The following is an excerpt from David Lawder | June 6, 2017 | Reuters.com |
The U.S. and Mexican governments reached a new agreement to significantly shift their sugar trade mix, but U.S. sugar producers have failed to endorse the deal, leaving question marks over whether it could still sour broader trade relations.
U.S. Commerce Secretary Wilbur Ross said the "agreement in principle" with Mexican Economy Minister Ildefonso Guajardo calls for Mexico to reduce the share of refined sugar in its exports to the United States, while increasing the share of raw sugar.
He said Mexico met nearly every request by the U.S. sugar industry to fix problems with a 2014 sugar trade agreement.
"Unfortunately, despite all of these gains, the U.S. sugar industry has said it is unable to support the agreement in its present form," Ross said without elaborating on their objections.
He added that the agreement would go through a final drafting stage in which he hoped that the U.S. producers could come on board with it.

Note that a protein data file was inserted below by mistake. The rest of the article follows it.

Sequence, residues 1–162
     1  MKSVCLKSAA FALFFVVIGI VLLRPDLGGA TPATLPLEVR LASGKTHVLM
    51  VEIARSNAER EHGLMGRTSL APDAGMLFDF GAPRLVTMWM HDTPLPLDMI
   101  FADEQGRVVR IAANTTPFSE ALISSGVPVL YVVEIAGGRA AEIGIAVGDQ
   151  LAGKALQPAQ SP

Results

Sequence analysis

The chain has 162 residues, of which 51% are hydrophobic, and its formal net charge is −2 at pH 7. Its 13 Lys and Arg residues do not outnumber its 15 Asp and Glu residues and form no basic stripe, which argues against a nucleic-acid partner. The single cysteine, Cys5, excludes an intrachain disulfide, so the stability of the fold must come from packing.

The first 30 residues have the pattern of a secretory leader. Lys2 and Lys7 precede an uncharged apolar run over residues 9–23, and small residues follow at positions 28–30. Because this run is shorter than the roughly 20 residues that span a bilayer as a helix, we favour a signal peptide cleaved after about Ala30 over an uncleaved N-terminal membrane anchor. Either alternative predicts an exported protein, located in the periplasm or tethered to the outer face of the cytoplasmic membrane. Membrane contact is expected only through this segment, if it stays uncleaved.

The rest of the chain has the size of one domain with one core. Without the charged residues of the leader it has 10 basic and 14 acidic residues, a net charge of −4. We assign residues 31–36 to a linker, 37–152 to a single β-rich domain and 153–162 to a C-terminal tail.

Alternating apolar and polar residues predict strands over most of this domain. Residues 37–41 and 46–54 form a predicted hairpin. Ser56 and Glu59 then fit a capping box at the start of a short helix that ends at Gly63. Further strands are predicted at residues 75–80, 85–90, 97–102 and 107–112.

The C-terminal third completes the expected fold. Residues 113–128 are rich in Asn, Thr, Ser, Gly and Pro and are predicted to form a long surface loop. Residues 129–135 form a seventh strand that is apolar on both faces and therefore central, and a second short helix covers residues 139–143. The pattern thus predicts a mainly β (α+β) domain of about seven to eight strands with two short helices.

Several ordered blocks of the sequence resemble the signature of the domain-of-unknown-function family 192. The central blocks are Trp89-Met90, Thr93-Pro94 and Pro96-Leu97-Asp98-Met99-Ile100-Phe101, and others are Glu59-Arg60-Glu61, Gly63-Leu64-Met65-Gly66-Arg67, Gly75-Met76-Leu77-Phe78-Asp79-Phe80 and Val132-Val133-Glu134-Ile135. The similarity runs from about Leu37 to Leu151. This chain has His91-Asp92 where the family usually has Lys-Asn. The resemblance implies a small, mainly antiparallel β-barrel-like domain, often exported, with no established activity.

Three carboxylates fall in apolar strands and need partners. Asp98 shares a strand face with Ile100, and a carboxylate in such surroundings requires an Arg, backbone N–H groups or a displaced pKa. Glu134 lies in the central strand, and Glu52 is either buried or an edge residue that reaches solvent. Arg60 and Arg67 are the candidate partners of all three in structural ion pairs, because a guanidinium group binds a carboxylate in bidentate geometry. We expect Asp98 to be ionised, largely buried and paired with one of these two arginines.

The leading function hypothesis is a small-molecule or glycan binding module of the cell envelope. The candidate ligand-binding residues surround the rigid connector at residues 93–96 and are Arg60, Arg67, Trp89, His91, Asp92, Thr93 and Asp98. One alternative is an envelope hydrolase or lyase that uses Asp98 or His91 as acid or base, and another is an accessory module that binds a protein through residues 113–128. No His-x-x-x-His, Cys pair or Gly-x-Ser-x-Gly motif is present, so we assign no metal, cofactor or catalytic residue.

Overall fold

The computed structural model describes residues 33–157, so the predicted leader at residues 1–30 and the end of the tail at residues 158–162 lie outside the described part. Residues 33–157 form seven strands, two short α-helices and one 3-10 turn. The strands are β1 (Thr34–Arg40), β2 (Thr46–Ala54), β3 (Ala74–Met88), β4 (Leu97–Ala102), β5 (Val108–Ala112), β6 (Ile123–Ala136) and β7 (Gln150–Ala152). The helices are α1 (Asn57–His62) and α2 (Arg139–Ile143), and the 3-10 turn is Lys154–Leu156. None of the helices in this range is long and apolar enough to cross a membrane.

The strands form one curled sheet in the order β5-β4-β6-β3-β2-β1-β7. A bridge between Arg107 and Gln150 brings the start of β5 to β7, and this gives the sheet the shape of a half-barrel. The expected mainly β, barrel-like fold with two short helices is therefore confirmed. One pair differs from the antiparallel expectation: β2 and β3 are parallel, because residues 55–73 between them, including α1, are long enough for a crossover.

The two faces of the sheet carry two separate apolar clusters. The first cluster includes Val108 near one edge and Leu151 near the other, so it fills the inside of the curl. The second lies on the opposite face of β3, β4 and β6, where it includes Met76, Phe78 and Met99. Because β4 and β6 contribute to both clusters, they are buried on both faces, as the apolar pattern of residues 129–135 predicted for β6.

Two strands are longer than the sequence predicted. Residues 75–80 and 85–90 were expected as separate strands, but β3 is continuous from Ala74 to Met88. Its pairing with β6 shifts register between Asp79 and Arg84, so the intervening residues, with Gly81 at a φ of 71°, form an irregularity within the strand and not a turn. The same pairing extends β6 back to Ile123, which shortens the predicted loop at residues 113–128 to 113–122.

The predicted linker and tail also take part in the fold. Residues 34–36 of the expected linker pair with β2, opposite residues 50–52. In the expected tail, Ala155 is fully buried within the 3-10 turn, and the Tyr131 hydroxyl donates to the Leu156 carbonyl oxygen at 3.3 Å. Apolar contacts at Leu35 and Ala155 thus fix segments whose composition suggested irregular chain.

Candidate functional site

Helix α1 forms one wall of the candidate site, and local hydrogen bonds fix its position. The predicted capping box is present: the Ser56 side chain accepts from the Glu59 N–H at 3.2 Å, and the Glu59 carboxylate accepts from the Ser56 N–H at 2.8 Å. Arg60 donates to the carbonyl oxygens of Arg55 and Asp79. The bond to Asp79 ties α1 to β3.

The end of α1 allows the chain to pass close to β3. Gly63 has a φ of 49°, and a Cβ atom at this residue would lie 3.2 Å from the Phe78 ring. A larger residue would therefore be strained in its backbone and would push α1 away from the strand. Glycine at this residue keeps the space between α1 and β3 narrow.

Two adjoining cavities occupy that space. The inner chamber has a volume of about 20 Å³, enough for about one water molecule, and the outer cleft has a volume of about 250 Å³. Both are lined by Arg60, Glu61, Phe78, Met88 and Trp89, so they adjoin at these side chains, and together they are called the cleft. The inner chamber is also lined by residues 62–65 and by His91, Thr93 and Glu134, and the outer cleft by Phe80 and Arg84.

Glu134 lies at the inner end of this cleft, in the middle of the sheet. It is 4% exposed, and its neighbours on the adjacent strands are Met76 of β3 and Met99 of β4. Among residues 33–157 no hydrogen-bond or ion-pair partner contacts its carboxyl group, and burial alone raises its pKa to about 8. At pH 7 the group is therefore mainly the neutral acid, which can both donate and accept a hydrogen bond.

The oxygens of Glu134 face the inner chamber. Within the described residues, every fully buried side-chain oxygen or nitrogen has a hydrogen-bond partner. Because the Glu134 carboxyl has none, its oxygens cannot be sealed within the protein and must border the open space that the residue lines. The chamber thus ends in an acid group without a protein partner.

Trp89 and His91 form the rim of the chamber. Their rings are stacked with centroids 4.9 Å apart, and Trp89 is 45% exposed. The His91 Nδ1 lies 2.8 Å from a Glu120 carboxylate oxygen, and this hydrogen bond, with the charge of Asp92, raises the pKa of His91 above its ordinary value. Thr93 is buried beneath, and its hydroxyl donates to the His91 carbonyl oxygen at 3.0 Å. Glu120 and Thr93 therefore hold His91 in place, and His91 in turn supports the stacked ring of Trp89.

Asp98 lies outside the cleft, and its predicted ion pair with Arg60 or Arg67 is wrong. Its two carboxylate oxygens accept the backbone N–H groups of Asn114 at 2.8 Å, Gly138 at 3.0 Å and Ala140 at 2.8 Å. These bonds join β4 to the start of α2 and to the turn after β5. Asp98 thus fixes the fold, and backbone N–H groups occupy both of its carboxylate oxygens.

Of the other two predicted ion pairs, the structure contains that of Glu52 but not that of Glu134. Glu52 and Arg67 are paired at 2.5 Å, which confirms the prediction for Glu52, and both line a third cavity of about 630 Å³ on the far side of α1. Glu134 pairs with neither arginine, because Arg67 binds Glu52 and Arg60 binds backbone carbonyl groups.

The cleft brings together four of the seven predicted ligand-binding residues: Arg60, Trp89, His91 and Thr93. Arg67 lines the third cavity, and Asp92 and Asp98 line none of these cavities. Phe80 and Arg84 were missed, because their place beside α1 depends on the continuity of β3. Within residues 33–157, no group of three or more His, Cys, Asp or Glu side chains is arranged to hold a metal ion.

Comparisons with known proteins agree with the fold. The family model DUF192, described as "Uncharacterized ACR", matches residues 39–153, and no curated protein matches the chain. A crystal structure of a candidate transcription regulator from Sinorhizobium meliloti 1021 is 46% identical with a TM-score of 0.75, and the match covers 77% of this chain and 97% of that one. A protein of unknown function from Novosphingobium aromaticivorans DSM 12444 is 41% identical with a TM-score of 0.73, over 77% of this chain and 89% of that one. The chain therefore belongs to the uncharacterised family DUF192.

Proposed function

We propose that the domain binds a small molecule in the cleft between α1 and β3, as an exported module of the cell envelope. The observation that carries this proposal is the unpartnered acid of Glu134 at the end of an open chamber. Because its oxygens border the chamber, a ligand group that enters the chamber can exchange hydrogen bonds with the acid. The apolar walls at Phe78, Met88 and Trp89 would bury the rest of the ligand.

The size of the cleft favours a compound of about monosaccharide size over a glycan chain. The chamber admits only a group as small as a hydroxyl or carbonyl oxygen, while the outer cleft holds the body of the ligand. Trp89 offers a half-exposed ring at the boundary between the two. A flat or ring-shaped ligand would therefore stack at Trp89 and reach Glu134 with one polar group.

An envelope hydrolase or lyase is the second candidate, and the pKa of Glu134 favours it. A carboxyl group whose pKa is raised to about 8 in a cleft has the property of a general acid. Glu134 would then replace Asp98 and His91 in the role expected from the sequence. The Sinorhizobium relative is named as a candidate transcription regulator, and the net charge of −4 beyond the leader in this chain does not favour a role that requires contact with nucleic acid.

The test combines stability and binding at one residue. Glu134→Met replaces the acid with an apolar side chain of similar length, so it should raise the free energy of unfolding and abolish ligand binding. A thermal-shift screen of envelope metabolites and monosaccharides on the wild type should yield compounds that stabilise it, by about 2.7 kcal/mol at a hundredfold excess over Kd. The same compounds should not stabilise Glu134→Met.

Asked how long this would take, Ross said, "It should be days, not weeks or months."
The deal cut by Ross and Guajardo leaves Mexico's overall access to the U.S. sugar market unchanged but refined sugar must fall to 30 percent of overall imports from Mexico from a previous limit 53 percent.
It also lifts the U.S. price paid for Mexican raw sugar to 23 cents per pound from 22.25 cents, while, the price for refined sugar will rise to 28 cents per pound from 26 cents. These prices exclude shipping and packaging costs, the Commerce Department said in a summary.
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